GRAND RAPIDS, Mich. (WOOD) — Michigan’s tally of deaths linked to COVID-19 has risen by 43, bringing the total to 7,129 since March.
Of the 43 deaths announced by the state Thursday, 31 were discovered when public health officials reviewed death certificates to find any that had not previously been reported to the state.
The state also announced 1,873 more confirmed cases of the virus. A total of 152,862 people in Michigan have now contracted the virus since it was first detected in the state in March.
On Wednesday, labs in Michigan tested 45,494 samples for the virus and 2,245 came back positive, a rate of 4.93%. The percentages of positive tests each day have been up recently, with the seven-day average now nearing 5% statewide. For the bulk of August and September, the statewide percentages were closer to 3%, the threshold that public health officials say shows community spread is controlled.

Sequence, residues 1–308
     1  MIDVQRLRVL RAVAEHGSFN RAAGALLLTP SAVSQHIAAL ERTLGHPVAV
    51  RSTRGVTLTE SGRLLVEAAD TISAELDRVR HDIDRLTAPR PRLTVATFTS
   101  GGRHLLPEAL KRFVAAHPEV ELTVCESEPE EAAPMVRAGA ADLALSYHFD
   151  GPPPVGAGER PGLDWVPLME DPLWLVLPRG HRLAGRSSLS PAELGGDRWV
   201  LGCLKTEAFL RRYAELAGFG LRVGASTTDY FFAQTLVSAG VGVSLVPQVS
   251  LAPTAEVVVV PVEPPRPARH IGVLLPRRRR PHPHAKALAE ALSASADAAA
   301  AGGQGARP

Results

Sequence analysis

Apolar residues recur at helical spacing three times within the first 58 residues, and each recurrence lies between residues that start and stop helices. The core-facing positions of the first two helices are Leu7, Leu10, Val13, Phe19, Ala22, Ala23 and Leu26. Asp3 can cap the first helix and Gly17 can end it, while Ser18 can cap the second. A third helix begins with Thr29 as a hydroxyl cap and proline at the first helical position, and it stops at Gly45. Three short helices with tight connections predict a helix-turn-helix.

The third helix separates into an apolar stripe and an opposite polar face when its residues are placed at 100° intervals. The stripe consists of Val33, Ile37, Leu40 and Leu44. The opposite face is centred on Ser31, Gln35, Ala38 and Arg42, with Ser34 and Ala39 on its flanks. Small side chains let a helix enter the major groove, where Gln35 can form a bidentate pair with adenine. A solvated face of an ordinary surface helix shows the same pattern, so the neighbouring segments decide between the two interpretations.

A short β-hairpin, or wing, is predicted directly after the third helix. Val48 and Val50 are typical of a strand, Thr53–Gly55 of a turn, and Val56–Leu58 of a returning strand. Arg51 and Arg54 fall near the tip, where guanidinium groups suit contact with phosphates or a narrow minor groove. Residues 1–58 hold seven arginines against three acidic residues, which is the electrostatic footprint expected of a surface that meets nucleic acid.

A number of metrics show Michigan’s outbreak is worsening. The seven-day average of new cases per million people per day is higher than it was at its last peak in April. The average number of deaths each day has risen in the last month, though it is still far below where it was in April.
Hospitalizations are also rising statewide, with about 1,200 adult inpatients believed or confirmed to have COVID-19. About 300 of those are in intensive care.
As the virus continues to spread more quickly, Gov. Gretchen Whitmer and Dr. Joneigh Khaldun, Michigan’s chief medical executive, on Wednesday called on residents to follow basic mitigation practices including washing hands frequently, practicing 6-foot social distancing and, they stressed, wearing masks in public.
“We really should not feel helpless. We have what it takes to get control of this virus and we’ve done it before,” Khaldun said during a press conference in Lansing.
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